Quill and Quire

REVIEWS

« Back to
Book Reviews

Tom and Francine: A Love Story

by Sylvia Fraser, Eugenie Fernandes, illus.

Many celebrated Canadian authors have taken a star turn on the stage of children’s literature – Atwood, Richler, and Berton come to mind. Now Toronto writer Sylvia Fraser, a distinguished journalist whose books include her memoir My Father’s House and six adult novels, joins the ranks. Tom and Francine features two favourites of novice children’s writers: cats and rhyming verse. Fraser’s Tom is a rough rural cat, Francine a pampered city Siamese. When Tom comes to town and tries to strike up a conversation, Francine predictably snubs him. Enter a pit bull, evil incarnate. Tom saves Francine, Francine saves Tom.

In the zany pomo urban landscape conjured by Fraser and illustrator Eugenie Fernandes, animals and humans go about their lives with cheerful democracy – flamingoes push perambulators, frogs read Plutarch, clowns walk on stilts, and goats hang up quilts. This goofy applecart is upset by the adrenalin-intoxicated canine, maddened by the sight of the over-refined Francine. (With wolves rehabilitated in literature, the pit bull is seemingly the one animal we can still safely villainize, having engineered their viciousness ourselves.) It’s up to rough-and-ready Tom, his natural virtues still intact, to restore order. But despite her apparently skimpy survival skills, Francine is the one who helps Tom make it in the big city. Using her charms on her Mister, she gets Tom on the payroll, and two tales/tails become one.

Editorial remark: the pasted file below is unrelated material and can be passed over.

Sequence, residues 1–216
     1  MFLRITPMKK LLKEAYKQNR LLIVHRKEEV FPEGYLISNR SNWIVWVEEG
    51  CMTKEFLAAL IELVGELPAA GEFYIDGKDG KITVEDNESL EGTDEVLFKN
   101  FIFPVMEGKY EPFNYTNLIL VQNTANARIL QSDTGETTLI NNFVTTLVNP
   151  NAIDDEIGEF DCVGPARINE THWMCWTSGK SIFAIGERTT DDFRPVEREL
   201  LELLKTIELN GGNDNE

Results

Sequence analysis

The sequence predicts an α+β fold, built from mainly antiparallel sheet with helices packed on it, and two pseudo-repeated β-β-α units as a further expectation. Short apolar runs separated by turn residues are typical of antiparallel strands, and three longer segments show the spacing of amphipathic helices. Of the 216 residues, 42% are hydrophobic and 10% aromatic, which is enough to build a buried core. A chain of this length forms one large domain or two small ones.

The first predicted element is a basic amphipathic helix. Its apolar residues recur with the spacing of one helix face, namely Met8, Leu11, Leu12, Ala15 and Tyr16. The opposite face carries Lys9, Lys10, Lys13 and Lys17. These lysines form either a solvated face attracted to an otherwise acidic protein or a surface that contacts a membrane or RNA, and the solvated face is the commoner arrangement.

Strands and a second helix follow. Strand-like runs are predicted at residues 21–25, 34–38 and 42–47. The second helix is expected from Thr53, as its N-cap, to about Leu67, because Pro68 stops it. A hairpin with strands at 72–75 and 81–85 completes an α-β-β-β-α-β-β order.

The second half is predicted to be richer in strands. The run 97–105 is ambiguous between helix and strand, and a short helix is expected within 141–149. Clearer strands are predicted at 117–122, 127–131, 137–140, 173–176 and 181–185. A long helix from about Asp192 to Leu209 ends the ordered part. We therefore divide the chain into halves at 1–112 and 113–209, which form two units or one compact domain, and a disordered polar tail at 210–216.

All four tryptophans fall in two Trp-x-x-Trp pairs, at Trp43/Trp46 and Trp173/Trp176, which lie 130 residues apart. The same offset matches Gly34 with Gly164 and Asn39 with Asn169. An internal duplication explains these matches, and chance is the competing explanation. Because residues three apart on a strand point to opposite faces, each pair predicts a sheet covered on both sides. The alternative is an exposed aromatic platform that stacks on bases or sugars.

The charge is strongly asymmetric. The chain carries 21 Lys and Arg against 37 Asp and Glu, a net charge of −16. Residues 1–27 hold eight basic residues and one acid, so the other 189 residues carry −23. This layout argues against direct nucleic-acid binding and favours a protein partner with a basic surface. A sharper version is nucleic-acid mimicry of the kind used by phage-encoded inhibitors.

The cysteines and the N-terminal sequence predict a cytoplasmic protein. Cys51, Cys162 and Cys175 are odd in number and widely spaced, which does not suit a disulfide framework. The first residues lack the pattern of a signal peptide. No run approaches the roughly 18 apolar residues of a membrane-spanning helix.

Fraser’s verse salutes “The House That Jack Built” (“This is a pit bull who’s nursing the hope…”), echoes “The Night before Christmas,” and evokes Lear and A.A. Milne. But Fraser is a somewhat haphazard versifier, changing rhyme schemes and altering line and verse lengths at will, and her verbal extravagances don’t always compensate for forced or awkward rhythms. However, Fernandes’s stunning illustrations work overtime creating a hyperkinetic forcefield to pull it all together, fish and fowl, sun, moon and stars agitatedly circling the scene. The result cannot fail to mesmerize a child, and as the Mister says of Francine, the book has caught our attention – “Which I suppose is the point of all their invention.”